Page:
o you need to be old to deliberately ride a ride as flat as practical? Well, how about a combined age of 200. I certainly will be lucky to be riding, or even alive anywhere near 100. It so happens that my late parents, born 1912 (October 17th) and 1913 (January 26th), would have a combined age of 200 until next October; so, any ride on or after January 26th could merit as being in memory of my late parents. But this tangential discussion arose out of desperation to maintain my RRTY programme. A hospital is a great place to relax and think. What am I doing here? How could I have avoided the muddy lane slip? The sheer stupidity is that while proving a ‘winter’ good road route as a variation to my 2012 Cheltenham Flyer 200 Perm, I chose to take to the lanes after Lacock to Tetbury, rather than the Chippenham, Malmesbury main road.
2003) and Series No.17 (Accident was No.8 of series) I had till January 31st, 2013. I had already lost three days waiting for the operation, which was on December 19th. But this was different; whilst he replaced the steel pin, Mr Murtimer and his theatre team also strapped together the broken femur and replaced the hip cup. That immediately restricted the left leg to light loading for six weeks, ie, end of January.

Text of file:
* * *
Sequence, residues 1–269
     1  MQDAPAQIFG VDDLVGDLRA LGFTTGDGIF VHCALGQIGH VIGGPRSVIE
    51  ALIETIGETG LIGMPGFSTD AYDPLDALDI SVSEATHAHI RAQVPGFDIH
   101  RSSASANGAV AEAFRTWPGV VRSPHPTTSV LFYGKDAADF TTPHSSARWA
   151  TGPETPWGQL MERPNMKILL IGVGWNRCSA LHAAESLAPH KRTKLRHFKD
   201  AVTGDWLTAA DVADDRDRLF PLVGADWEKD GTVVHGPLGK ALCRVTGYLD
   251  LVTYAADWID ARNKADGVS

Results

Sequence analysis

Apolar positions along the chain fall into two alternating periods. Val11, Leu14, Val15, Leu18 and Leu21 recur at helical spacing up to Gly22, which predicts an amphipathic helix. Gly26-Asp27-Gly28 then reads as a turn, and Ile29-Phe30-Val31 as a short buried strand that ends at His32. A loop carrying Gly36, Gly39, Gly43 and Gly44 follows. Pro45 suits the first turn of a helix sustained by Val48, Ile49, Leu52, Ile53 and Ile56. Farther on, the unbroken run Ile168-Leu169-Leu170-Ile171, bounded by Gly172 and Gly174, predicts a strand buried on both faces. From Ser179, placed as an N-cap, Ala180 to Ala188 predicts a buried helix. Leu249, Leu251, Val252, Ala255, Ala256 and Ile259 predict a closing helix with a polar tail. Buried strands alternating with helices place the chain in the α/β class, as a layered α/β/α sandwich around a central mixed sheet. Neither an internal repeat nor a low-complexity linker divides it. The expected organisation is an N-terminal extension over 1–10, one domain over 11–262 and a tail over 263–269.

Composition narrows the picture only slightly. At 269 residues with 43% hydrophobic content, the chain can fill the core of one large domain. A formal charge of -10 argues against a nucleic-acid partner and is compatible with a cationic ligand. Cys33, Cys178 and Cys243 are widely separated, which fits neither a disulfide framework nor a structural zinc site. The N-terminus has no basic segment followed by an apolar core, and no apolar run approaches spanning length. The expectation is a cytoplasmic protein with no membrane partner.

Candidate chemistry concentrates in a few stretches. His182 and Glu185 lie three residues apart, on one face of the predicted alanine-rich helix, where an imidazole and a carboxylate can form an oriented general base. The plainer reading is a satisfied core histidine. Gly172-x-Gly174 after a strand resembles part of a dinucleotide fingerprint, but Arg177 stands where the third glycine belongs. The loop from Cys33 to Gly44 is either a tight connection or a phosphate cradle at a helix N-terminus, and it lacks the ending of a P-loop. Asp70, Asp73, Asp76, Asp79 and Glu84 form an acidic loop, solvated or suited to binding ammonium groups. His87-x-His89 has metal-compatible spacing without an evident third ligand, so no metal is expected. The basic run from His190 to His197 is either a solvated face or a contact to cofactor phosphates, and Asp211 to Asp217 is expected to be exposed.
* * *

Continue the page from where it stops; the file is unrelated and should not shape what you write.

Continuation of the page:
Back to thoughts
What will be essential is to ride the turbo as soon as possible; also, the trike needs a thorough service, not easy hobbling around my garage. I may need to remove the left crank and pedal and fit a left leg rest. Email to Longstaff Cycles – the trike experts. Their reply identified a free left crank (ordered, £130). Medically, and resulting from the severity of the operation, I needed blood transfusions. As a result, I resorted to taking an iron tablet every day. The crank arrived on January 24th, was fitted and test ridden five miles at an average 17kph. New chain was jumping, so I fitted a part-worn one, which trialled satisfactorily on Sunday